With all the bags filled all we had left to do was put out our warning signs and set up a diversion. We put all the signs out a few days before the lifts to give people prior warning about potential delays and any diversions. If we can reduce the number of people in the area of the pick-up and drop sites it makes things much safer which in turn makes our job much easier. 

    We're now all set for next weeks helicopter lifts. Our lifts are planned to take place Monday 21st May to Wednesday 23rd at Helm Crag, Aira Force and Stickle Ghyll.

    Putting out the signs

  • Fix the Fells volunteer training on Loughrigg

    08:58 04 May 2012
    By Ade Mills, Pete Entwistle, Leo Walmsley

    A couple of weeks ago an induction day was held for potential new Fix the Fells volunteer lengthsmen at the Stickle Barn Tavern in Langdale. Presentations were given explaining all about the project and this was followed up with a walk up Stickle Ghyll to give the potential new volunteers a brief insight into our work.

    Last weekend we continued training up the new Fix the Fells lengthsmen. Nine volunteers arrived at our office and were given a brief presentation all about the lengthsman role and exactly what is required when you go out on a "drain run". Once they all knew what would be expected of them it was time to head to Loughrigg and put it all into practice.

    A brief introduction before setting to work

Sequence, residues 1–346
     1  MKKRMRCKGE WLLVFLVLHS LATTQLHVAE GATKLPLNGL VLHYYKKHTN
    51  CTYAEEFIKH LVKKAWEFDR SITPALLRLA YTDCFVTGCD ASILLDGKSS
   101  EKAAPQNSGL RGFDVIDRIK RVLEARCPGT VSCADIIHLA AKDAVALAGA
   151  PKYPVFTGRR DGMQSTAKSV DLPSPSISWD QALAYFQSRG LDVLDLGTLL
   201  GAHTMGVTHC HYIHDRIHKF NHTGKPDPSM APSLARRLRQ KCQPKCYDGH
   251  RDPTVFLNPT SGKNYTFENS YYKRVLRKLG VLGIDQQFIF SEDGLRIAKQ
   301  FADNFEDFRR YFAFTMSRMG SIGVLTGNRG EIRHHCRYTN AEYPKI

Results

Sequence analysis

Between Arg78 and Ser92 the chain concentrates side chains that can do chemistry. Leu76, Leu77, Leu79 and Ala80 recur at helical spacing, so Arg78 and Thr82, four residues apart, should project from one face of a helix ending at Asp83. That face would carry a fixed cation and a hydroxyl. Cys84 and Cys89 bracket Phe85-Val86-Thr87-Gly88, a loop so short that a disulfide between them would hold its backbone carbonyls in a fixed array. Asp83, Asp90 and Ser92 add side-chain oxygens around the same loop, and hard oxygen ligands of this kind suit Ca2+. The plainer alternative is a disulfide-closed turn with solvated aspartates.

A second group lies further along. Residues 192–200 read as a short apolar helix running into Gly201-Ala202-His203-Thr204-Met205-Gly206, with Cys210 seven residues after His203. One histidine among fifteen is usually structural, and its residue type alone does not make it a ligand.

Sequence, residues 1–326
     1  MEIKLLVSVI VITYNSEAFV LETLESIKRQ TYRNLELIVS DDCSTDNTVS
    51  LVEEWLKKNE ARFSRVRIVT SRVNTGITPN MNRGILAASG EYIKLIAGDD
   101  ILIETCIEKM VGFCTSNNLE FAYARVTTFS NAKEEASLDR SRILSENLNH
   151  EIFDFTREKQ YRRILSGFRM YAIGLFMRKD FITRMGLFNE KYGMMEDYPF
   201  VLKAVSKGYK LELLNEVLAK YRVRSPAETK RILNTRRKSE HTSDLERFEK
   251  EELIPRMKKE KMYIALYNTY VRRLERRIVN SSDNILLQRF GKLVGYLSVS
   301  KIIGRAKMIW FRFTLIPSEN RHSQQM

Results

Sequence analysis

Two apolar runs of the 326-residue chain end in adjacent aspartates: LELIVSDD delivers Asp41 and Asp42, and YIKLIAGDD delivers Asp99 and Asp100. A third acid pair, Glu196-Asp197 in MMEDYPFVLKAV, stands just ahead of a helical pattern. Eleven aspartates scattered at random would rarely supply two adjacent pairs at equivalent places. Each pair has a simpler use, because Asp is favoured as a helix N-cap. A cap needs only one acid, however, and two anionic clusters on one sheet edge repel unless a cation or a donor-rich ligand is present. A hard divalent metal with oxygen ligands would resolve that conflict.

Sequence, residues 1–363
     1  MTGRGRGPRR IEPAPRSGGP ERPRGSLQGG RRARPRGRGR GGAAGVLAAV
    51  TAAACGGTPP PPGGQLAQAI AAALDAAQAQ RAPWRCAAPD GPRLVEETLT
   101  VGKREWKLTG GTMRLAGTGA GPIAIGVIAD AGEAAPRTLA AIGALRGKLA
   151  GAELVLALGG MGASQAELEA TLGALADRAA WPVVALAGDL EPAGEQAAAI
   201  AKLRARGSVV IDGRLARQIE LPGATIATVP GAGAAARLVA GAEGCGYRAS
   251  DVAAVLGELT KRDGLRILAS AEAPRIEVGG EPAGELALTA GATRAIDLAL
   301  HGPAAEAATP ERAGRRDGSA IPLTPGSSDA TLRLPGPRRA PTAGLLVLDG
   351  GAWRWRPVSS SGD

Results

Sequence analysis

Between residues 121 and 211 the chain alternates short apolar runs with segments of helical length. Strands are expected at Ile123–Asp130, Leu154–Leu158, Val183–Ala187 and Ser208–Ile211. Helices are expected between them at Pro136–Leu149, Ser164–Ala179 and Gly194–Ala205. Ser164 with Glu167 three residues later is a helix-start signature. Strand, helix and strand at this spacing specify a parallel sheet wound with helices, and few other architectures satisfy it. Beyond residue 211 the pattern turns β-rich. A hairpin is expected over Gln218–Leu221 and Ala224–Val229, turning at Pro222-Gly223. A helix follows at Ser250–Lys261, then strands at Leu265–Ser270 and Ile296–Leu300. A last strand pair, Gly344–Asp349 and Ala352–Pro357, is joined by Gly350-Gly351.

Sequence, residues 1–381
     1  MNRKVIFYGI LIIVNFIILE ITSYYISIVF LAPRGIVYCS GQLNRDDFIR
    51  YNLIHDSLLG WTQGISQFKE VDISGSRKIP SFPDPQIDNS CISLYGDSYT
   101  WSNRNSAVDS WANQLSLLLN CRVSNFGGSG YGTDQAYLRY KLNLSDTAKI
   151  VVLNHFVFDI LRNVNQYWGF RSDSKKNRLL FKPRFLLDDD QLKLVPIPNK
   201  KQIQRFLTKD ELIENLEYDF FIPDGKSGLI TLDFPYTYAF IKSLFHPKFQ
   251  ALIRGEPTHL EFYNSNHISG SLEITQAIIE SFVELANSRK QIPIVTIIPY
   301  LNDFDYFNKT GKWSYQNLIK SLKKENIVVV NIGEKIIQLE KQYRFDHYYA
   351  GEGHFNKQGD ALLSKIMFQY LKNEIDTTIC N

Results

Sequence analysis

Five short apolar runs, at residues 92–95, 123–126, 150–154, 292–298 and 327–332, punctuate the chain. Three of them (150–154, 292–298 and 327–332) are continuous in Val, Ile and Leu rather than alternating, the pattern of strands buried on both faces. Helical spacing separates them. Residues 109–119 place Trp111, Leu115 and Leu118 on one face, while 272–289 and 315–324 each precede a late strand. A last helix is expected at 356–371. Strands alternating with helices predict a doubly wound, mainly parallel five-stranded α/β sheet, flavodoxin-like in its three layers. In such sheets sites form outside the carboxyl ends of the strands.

The main job of the lengthsmen is to help us maintain the upland path network. They do this by going out in pairs, or larger groups, on regular "drain runs". The drain run consists of clearing the paths of any rubble, excessive vegetation growth and also monitoring the state of the path. A path monitoring sheet is filled in which states how much of the path has been cleared, if the path appears to be deteriorating at all and whether any repairs may be required.

    Sweeping out a drain

    The only tools required for a "drain run" are a shovel and a brush. It is essential that all rubble is removed from the path because it can quickly clog up the drains. This means that during heavy downpours water may overflow down the path, which can result in serious erosion damage.

    Shovelling loose stone from the footpath

    Rubble on stone pitched footpaths is also awkward to walk on, which means people have a tendency of stepping off the path and walking along side it, again causing further damage.

    Continuing towards the summit

    When you're out clearing drains you also have to be very aware of people around you. Even a small stone shovelled off the path can start rolling and pick up speed, this has the potential to seriously injure somebody walking on the path below.

    We timed our walk up Loughrigg so we could stop for a bite to eat at the summit and although there was a cold wind blowing we managed to find some shelter and take in the fantastic views towards Elterwater.

    Descending from the summit

    ´╗┐Once we'd had our lunch (and also some excellent homemade flapjack made by one of the volunteers) we headed off down the other side shovelling and sweeping as we went.

    For more information on volunteering with Fix the Fells click here....Fix the Fells

News from Pete Entwistle

Photo of Pete Entwistle

Ranger Supervisor - responsible for supervising upland path repairs and maintenance for the National Trust in the Central and Eastern Fells.

My interest in the outdoors and walking in the Lakes goes back to spending every weekend as a child walking with my parents up one mountain or another, by the time I was 10 I'd probably been up every mountain in the Lakes.

I've also have a keen interest in the environment and spend many hours photographing wildlife.

Blog:
http://fellrangers.blogspot.co.uk